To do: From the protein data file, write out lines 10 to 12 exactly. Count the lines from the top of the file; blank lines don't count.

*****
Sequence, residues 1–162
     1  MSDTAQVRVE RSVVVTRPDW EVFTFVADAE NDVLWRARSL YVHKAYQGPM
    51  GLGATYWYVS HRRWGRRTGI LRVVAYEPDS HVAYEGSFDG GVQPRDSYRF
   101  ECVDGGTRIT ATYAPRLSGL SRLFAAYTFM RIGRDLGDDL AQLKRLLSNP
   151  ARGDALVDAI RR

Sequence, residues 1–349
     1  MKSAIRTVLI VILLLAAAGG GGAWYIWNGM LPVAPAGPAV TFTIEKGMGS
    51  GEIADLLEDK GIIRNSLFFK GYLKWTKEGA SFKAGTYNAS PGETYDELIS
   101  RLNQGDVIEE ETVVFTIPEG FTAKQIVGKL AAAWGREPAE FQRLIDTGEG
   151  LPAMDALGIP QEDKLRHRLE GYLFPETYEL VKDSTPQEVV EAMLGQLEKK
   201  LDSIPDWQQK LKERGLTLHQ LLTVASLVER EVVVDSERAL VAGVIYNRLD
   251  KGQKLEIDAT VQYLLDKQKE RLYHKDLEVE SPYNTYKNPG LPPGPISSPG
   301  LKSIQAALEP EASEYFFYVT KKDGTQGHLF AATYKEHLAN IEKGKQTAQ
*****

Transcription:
   151  LPAMDALGIP QEDKLRHRLE GYLFPETYEL VKDSTPQEVV EAMLGQLEKK
   201  LDSIPDWQQK LKERGLTLHQ LLTVASLVER EVVVDSERAL VAGVIYNRLD
   251  KGQKLEIDAT VQYLLDKQKE RLYHKDLEVE SPYNTYKNPG LPPGPISSPG